The latest news in Eastern Visayas region


more news...

Police nabs suspected marijuana farmer

Villareal mayor emerges as president of LMP Samar chapter

Unaware of the political situation in Samar, Chan vows to elude from politically-related issues

BARANGAY, SK elections to push through as scheduled

A media statement on P-Noy’s recent anti-divorce but pro-remarriage pronouncement

8ID new commander receives favorable reviews on his assumption speech

NDF-EV in solidarity with the Catholic Church against large-scale foreign mining in Region 8







Cong. Mercado warns local OFWs to be wary of being used as mule for illegal drug syndicates abroad

August 29, 2010

MAASIN CITY  –  A mule is an animal used as beast of burden in other countries, having a horse-like appearance but usually smaller than a regular horse.

In the illegal drug trade, especially abroad, they also have a language called a “mule,” which means a carrier of a banned substance, like cocaine, among others.

But this carrier, who is an unsuspecting person, mostly a Filipino overseas worker who just obliged out of courtesy or social favor, does not know what he or she was carrying about, until an arrest by authorities reveal an inconvenient truth: illegal drugs was in his, her possession.

That individual has become a mule for illegal drug syndicates, without him, her knowing it, and we should be wary about this kind of modus operandi, warned Rep. Roger Mercado.

During his bi-monthly radio program over DYDM yesterday, Cong. Mercado cautioned his listeners particularly those with relatives or family members working abroad to resist as politely as possible any request to bring a personal, hand-carried item from someone whom they knew, even a friend, how much more a stranger.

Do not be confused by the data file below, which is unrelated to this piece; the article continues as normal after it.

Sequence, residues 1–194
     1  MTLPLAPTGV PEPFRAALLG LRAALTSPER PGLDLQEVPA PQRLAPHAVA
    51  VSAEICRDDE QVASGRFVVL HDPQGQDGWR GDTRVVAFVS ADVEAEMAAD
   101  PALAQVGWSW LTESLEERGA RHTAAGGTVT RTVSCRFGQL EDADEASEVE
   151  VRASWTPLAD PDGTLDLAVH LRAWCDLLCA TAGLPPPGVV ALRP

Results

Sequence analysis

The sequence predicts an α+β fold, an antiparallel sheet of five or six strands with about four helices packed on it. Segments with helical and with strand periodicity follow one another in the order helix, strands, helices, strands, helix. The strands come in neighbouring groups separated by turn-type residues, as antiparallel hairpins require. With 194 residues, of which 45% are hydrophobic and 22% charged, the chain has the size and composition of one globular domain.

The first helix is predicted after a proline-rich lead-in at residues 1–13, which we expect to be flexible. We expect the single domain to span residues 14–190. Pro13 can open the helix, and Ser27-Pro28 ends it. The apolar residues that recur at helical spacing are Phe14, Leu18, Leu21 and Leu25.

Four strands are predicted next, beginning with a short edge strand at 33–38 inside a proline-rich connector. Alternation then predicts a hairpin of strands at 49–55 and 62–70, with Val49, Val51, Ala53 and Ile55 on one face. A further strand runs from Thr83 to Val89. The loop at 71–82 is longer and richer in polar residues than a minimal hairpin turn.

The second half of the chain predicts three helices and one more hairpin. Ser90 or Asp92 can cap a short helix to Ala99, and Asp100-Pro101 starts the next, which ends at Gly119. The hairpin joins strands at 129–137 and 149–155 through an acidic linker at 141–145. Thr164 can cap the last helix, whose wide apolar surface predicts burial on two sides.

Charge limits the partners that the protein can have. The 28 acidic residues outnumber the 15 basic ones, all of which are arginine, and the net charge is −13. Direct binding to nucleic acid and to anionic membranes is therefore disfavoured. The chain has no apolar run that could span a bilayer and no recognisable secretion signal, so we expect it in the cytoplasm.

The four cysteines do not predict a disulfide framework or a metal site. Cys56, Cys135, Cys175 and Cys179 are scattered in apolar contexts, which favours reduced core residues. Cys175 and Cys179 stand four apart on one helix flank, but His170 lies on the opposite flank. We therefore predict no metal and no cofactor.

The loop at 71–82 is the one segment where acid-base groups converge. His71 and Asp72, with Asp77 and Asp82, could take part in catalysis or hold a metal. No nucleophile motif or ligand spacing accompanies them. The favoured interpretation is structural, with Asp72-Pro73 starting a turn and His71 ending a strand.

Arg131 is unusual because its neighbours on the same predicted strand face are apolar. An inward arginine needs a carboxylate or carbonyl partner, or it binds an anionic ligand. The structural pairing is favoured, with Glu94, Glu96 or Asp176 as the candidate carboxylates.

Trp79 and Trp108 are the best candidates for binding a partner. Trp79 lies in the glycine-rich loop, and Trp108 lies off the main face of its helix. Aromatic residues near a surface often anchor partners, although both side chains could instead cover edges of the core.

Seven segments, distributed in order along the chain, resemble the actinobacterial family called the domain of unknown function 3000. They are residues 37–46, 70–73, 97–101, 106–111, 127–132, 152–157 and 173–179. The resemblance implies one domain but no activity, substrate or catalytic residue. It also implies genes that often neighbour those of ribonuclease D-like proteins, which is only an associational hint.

He said this was the reason many OFWs now founded themselves in jail for a crime which they have been fallen as an unwitting victim.

The Southern Leyteño solon made the warning when he was asked for updates on the case of a Maasinhon OWF, his neighbor in Barangay Abgao, by the name of Rudelia Palima, who ended up in a jail in Iran for carrying a banned substance the “padala” way, or the mule way early this year.

Palima’s case was already refered to Department of Foreign Affairs (DFA) Undersecretar Conejos, the one in-charge in handling such kind of concerns, Mercado said, adding that a fund was already set to reach the prison in Iran.

He said he immediately saw in person DFA Secretary Alberto Romulo after learning about Rudelia’s plight.

Rudelia’s father, who was listening since the start of the radio program, called in to say on-air his gratitude for the efforts made by the solon to free her daughter.

Mercado encouraged him and all the other listeners to keep on praying for the safe release of the Maasihon OFW, even as he reiterated his call to be always on alert so no one will be a mule again.  (PIA-Southern Leyte)